OCZ RevoDrive 3 x2 480GB PCIe SSD Review - Seriously Fast Storage
Conclusion, Pricing, and Final Thoughts
- Industry leading sequential performance
- Incredible IOPS performance
- Outstanding IOPS scaling at greater queue depths
- Incredible performance/cost (vs. Fusion IO)
- Intro cost (see below)
Pricing and Availability:
RevoDrive 3 X2:
- 240G @ $700 ($2.91 / GB)
- 480G @ $1700 ($3.54 / GB)
- 960G @ $3200 ($3.33 / GB)
We got these intro MSRP figures early in the evaluation process, and while they may seem steep, OCZ is considering dropping them down a few notches. This is even better news when you consider the fact that equivalent performance comes in the form of the ioDrive, to the tune of ~$7,000 (for only 160GB of capacity).
Something else to throw out there. The 480GB Vertex 3 is going for a rather insane street price. This is because a single SandForce can only drive 16 flash packages, and cramming 480GB into those packages means OCZ has to buy the highest capacity 25nm flash available. This flash comes at a heavy price premium. With the RevoDrive form factor, there are 64 flash chips installed, enabling OCZ to purchase this flash at a much lower cost/GB. That savings will eventually trickle down to the end user once prices come down (hopefully). If these can get anywhere near $2/GB, it will be an absolute game changer for the high performance storage industry.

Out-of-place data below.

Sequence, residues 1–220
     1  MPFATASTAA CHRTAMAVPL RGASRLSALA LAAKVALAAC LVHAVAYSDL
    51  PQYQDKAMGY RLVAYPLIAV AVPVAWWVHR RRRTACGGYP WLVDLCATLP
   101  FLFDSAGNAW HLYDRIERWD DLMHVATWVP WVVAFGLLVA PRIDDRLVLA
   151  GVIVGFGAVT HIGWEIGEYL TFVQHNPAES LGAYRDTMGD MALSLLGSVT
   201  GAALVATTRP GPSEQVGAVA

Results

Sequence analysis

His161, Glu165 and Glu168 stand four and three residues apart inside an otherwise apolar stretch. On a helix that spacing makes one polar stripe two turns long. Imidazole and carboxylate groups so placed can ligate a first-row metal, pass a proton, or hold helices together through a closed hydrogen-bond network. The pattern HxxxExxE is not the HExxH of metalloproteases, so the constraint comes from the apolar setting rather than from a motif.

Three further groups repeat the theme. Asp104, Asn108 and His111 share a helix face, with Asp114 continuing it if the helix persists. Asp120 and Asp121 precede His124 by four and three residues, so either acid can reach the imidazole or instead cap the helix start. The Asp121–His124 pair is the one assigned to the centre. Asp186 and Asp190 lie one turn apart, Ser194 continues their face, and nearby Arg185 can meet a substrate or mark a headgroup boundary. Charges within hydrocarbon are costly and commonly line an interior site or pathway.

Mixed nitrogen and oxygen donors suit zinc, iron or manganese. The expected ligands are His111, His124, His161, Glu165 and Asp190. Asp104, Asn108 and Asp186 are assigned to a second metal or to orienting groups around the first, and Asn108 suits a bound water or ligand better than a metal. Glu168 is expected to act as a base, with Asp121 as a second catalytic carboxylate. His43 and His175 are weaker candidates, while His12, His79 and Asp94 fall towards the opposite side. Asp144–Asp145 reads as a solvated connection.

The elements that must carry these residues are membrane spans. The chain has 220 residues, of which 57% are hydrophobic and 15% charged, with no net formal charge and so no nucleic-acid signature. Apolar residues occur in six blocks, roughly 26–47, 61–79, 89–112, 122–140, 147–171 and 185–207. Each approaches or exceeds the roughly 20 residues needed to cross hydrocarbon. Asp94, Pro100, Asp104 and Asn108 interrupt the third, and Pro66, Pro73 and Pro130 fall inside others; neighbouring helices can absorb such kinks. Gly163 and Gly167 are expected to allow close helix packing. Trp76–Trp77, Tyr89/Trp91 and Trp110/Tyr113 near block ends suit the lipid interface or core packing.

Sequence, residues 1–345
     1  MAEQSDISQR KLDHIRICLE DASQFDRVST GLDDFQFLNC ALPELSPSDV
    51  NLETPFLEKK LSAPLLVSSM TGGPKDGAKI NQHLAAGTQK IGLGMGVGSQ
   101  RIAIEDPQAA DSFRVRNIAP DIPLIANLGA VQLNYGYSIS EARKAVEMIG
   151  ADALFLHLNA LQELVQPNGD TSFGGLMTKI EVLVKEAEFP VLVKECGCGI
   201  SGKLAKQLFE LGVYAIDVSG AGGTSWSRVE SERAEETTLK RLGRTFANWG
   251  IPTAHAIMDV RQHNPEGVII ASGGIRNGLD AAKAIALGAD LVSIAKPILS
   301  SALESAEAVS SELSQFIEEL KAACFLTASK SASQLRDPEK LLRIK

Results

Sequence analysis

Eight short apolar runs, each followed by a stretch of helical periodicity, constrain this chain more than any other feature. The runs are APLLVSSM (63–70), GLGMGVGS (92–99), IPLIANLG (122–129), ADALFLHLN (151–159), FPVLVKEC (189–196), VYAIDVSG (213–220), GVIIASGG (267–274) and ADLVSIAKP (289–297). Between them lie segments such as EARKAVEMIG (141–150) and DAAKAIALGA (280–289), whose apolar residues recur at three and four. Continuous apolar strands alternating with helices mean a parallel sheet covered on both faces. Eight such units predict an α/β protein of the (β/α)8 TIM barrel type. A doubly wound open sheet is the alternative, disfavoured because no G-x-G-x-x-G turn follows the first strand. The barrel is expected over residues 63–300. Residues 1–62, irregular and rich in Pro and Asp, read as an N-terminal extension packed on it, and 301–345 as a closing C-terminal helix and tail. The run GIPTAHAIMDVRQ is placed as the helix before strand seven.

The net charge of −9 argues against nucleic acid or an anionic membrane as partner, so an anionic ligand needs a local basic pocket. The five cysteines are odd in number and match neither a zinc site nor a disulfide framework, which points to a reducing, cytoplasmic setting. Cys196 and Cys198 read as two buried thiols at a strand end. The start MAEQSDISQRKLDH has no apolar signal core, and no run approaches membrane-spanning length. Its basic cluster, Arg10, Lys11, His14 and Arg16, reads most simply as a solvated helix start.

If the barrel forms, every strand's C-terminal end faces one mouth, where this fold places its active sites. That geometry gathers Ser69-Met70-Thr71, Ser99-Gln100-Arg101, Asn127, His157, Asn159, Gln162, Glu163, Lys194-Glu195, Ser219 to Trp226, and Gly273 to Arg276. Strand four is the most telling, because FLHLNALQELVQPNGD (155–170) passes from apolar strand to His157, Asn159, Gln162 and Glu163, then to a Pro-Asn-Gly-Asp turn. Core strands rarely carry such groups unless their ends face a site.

The RevoDrive 3 X2 is a true breath of fresh air to the field of PCIe Solid State Storage. With very large available capacities, and performance on-par with solutions costing several times more to obtain, I see the new RevoDrive making its way into low end servers and (very) high performance end-user PC's. Anyone truly serious about their storage performance should not be without this Drive.
I'm giving the RevoDrive 3 X2 my Editor's Choice Award. I'm stingy with this award, but the high level if innovation OCZ brought with this product has won me over. This sort of outside-the-box thinking is needed to succeed in the rapidly evolving field of Solid State Storage. Sure some may be able to sit back and say 'well that's just common sense to slap those two chips together'. It takes a serious bit of work to start with that concept, pull it off, and do so in a manner that works extremely well.
My only reservation was the high introductory cost, but I don't think it will prevent the Revo 3 from appearing in power user rigs just as soon as they can get one in their hot little hands.